Masks, enforced social distances and other public health initiatives designed to slow the spread of coronavirus pose particular challenges for 37 million American adults with hearing disabilities. After the advent of the coronavirus pandemic, Mike Larson, who is deaf and blind and serves as Paralympic Judo Instructor & Advisor of Share Gift Medical Volunteer Organization, has become even more vigilant. He lives in Palo Alto, California, where he normally buys most of his food himself, but lately he has become more dependent on delivery services.
“The grocery stores are quite regulated,” Mr. Larson said. “The sense of panic everywhere is overwhelming.”Mike Larson
It would be different if he were allowed to see and touch his friends, he said. “I have experienced a spike in my anxiety,” he added, “and that’s because of all the precautionary measures that we have to take as a whole.”
The pandemic has turned life upside down across the United States, closing down colleges, lifting the economy, and losing millions of Americans their jobs. But for the deaf, new social distance rules, such as keeping six feet away from others and wearing a mask, can present specific obstacles, make daily activities more difficult and raise stress and anxiety.
Ms. Soon Young Choo, a president of Korean Deaf and Blind Association, who is deaf and blind and lives in South Korea, experiences similar feelings of fear while shopping: masks that cover her mouth prohibit her from communicating effectively, she said, causing her to rely on her eyes and the slant of her eyebrows to understand others. Since then she has delegated her boyfriend to do most of the shopping, because she “can’t stand the ever-widening gap that exists.” “This pandemic has further divided the inclusion of deaf and hard of hearing community from the hearing world, and isolated us even more,” she said.
When everyone started wearing masks, Ms. Choo discovered that deaf people’s ability to communicate “jumped out of the window.” “We now have to rely on our cellphones to communicate and it is extremely frustrating,” she said when was interviewed over the phone. When she does venture out, she experiences “increased bouts of anxiety” before and while shopping, and afterward she needs time to recover. Many deaf people depend on visual stimuli, such as the movement of the lips of another person, said staff from California Department of Rehabilitation Santa Clara County. Cloth masks eliminate this visual detail, and they can also muffle expression, she said. New social distancing laws can also generate practical challenges for the deaf and blind. “There are people with disabilities who also rely on guides to help them understand their job responsibilities,” she said. “This certainly creates a challenge for vocational rehabilitation, employment agencies and employers.”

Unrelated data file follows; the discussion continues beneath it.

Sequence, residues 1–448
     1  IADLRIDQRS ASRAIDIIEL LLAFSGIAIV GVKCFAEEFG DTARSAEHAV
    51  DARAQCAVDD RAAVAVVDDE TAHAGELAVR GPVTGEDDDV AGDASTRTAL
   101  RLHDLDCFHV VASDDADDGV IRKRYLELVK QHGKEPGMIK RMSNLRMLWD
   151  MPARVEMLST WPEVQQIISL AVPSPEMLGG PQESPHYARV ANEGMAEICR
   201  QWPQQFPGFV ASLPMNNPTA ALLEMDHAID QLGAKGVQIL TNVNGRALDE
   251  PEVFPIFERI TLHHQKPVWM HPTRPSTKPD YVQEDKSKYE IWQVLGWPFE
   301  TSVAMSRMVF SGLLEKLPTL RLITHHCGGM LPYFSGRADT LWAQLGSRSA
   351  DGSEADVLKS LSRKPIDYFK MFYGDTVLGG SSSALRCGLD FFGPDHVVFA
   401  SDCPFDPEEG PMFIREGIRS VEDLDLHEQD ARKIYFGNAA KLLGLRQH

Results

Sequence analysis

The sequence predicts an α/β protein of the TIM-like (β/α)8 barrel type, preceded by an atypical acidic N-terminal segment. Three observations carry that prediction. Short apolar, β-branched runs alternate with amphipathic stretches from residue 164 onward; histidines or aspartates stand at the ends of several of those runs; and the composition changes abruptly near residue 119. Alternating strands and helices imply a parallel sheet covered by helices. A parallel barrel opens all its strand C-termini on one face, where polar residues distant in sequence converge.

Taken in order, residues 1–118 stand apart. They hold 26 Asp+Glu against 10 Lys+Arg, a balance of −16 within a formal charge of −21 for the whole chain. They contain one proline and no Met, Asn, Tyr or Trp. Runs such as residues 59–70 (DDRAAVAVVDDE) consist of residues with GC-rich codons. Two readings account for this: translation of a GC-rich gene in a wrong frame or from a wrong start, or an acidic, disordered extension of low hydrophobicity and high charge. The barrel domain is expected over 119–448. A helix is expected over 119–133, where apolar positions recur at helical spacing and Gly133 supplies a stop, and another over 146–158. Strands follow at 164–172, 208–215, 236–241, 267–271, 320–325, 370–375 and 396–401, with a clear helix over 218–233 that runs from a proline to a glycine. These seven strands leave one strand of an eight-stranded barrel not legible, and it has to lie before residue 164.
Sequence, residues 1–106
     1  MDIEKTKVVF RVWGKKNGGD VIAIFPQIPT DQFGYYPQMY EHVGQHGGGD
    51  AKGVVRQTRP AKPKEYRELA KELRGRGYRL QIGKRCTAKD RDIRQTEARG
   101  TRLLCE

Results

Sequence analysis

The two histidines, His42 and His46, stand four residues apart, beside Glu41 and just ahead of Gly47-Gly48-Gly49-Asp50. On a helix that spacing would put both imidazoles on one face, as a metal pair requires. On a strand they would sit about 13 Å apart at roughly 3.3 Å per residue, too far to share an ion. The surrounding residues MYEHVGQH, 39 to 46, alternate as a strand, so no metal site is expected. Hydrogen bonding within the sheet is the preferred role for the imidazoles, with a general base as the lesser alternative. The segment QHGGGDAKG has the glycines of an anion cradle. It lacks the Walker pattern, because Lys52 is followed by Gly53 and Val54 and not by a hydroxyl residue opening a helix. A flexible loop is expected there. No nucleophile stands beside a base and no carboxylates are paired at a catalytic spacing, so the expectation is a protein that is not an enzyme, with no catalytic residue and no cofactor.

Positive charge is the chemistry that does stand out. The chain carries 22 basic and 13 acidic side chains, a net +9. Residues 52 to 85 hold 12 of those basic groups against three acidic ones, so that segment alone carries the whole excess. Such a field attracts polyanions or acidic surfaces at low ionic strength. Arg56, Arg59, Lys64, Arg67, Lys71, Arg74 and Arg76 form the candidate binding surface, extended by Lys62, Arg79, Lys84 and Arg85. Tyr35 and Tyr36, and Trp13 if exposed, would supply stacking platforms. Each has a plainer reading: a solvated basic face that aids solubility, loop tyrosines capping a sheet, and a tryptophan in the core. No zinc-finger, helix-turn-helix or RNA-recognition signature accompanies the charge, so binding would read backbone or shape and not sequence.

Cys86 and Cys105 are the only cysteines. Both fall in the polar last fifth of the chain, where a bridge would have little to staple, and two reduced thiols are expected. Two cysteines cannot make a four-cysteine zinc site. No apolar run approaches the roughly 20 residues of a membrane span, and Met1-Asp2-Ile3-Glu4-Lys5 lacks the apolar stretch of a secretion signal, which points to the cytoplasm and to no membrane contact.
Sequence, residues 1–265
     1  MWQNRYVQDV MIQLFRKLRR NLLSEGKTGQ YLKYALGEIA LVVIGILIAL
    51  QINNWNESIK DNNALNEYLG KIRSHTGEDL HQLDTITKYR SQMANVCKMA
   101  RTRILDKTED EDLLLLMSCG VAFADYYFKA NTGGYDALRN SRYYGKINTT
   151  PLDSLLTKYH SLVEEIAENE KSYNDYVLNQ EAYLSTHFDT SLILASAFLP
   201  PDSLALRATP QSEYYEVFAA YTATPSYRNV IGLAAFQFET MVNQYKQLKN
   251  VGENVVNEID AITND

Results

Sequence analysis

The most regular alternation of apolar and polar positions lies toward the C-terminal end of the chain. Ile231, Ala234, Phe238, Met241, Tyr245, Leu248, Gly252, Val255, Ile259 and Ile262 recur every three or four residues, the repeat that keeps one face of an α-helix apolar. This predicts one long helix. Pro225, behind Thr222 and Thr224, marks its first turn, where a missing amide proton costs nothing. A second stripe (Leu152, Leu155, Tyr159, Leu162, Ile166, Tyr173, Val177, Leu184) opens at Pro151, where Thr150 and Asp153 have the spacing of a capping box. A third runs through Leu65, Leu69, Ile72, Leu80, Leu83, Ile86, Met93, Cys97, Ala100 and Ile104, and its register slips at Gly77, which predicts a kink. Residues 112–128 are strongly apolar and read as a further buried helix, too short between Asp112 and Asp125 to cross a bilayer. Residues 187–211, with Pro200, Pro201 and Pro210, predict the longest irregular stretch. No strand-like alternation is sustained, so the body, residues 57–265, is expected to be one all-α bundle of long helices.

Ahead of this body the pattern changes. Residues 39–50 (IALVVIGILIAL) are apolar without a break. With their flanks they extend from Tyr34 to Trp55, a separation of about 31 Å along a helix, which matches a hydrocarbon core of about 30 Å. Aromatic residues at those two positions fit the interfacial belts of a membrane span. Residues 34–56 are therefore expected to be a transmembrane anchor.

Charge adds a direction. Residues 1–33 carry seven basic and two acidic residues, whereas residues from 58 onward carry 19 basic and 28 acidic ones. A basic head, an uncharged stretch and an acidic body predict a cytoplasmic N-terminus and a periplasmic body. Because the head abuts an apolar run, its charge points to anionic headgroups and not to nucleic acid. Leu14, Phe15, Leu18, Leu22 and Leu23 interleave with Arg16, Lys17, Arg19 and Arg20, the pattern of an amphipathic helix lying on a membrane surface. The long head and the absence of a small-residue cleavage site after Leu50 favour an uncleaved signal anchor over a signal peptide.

The lack of access to critical information on Covid-19 is also a problem. According to Mike Larson, not being able to see a psychologist in person can cause anxiety and depression in people with extreme expressive and receptive communication barriers.
Sign Language Interpreters are among a growing community of important staff during the pandemic, frequently called upon to stand alongside officials who convey critical information on television and live on the Internet. Zoom meetings and FaceTime talks have increasingly replaced deaf and blind in-person gatherings and social activities, which are subject to the same lockout and shelter orders as anyone else.
Myung Suh Choi and Seung Ah Choi, who co-founded American Sign Language Club at their local high school, use the pro-tactile American Sign Language, a type of A.S.L. that relies on physical contact between people who communicate. “We need to reimagine our society and recognize incorporating our deaf communities first not after promoting changes in education equity, health equity, jobs and retraining, and funding for deaf entrepreneurs and researchers,” they said.
“As the number of coronavirus cases in America is slowing and states are increasingly beginning to reopen with limitations, work needs to be done to protect deaf and blind people, such as requiring the use of trained deaf interpreters and sign language interpreters for all public service announcements, and rethinking the existing one-size-fits-all concept of social distancing,” Myung Suh added. “Since our everyday lives have always needed us to adapt constantly, we have the natural skills, energy and determination to adapt when a big crisis hits us,” Myung Suh said.